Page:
U.S. House Passes One-Sided Economic Stimulus Bill
Yesterday, the House Democrats passed an $819 billion Economic Stimulus Bill. Despite lobbying by President Obama for bi-partisanship & House Democrat leaders insistence on following party line, no Republicans joined in support of the bill, while 11 Democrats voiced opposition to their party’s wishes. The final vote on H.R. 1 was 244-188. A parallel bill is now in the Senate, which is expected to increase the size of the stimulus bill, which will already be the biggest federal expenditure in history upon passage. In the 10-year plan, nearly two-thirds of the stimulus money will be injected within the first 18 months.
Highlights of the bill include:
- $90 billion for construction projects (roads & infrastructure)
- $142 billion to rebuild public schools (no money given to private schools)
- $54 billion for renewable energy
- Boost Medicaid & state law enforcement — $91 billion
- Extend unemployment benefits, and increase COBRA, WIC, and school lunch programs — $102 billion
- Tax cuts of $500/$1,000 per year for individuals/couples (capped at incomes exceeding $75k single/$150k couple); total cost $145 billion
- Increase to $250k the amount a small business can write off; estimated up to $17 billion savings
Okay, I’ve got to admit — I’m a political junkie. It runs in my veins, and even when I’m not politically active, my political brain is always running on the back-burner. First off, I have had a tough time digesting the rate at which our congress has spent money. Increased revenues & the War on Terror notwithstanding, we have spent way to much over the last decade.
How Would YOU Diversify This Portfolio?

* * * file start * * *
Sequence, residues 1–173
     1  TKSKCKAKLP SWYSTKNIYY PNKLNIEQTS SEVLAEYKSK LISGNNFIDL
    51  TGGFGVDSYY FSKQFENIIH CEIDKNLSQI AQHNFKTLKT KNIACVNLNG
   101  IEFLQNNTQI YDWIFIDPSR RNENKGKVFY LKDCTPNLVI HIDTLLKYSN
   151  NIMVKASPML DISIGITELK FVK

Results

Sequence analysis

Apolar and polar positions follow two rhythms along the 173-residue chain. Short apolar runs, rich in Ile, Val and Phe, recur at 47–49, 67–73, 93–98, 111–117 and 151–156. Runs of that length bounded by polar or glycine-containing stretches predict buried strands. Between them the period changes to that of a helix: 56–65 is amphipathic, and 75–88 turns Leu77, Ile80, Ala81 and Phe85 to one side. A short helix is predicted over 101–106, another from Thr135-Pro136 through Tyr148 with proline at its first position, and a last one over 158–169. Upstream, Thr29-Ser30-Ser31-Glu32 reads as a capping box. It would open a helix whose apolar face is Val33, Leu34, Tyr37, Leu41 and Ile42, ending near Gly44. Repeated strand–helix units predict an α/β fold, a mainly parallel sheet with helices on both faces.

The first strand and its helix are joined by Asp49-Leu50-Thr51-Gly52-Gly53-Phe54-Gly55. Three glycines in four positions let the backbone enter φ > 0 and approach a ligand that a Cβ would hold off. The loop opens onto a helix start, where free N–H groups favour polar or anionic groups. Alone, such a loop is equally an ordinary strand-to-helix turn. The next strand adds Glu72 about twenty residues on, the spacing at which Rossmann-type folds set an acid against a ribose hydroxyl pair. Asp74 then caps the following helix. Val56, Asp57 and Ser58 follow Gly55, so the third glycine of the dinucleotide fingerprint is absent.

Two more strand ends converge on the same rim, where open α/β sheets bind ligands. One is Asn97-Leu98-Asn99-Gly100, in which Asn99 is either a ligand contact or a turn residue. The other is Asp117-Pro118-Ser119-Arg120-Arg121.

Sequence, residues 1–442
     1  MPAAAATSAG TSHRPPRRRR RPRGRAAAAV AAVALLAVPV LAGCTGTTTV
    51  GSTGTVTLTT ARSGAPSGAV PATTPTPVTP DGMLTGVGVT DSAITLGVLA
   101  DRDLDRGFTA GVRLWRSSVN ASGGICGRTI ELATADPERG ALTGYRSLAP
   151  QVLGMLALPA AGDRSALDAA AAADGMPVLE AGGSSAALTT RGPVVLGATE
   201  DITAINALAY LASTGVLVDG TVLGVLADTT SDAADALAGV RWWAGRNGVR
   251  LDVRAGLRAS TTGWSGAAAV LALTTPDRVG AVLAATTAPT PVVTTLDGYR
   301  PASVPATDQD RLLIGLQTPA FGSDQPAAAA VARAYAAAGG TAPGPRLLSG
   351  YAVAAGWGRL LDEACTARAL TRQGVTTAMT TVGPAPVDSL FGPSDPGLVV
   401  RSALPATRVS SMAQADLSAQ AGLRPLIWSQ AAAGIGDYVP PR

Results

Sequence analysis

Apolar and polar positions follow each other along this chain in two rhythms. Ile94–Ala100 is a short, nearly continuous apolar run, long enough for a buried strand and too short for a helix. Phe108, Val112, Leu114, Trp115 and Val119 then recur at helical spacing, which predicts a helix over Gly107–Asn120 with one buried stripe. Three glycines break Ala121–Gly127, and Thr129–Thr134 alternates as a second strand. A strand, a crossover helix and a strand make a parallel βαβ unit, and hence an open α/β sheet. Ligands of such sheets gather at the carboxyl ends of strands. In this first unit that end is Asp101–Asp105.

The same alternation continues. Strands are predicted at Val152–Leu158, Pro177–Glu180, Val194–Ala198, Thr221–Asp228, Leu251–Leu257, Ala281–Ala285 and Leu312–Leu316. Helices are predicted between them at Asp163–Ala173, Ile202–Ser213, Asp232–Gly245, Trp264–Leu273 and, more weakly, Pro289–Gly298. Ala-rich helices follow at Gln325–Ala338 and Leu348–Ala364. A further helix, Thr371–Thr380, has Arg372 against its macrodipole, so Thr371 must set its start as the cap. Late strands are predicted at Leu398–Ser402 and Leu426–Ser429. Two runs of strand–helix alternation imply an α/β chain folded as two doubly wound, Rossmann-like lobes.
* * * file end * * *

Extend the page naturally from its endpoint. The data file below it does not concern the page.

Currently, here’s how the House’s Stimulus Bill portfolio is diversified. Click on each respective picture to enlarge:
If a stimulus package is needed, government should use our money to create an environment where dependency is not further created on the government for more public jobs. Rather, more of the stimulus money should be invested in private businesses, which can regenerate the money and use the free market to grow and expand upon ideas and serving their clientele. Government construction projects seem like a one-time fix; yet another patch job on a huge problem.
While it is good to invest in public works and extend support to those currently feeling the economy’s effects, perhaps this stimulus bill needs to properly diversified between direct spending (safety net programs), public investment (federal & state spending), and private investment (individual & business tax policy).
Nearly 60% is projected to be invested on federal & state public works (not long-term jobs), 14.6% on safety net programs, and 26% spent on private-sector investments. Just as if I were analyzing an investment portfolio, I would say too many eggs are in one basket, and that this stimulus bill needs to be re-balanced a bit.
How about you? Would you “re-balance” the Economic Stimulus Bill?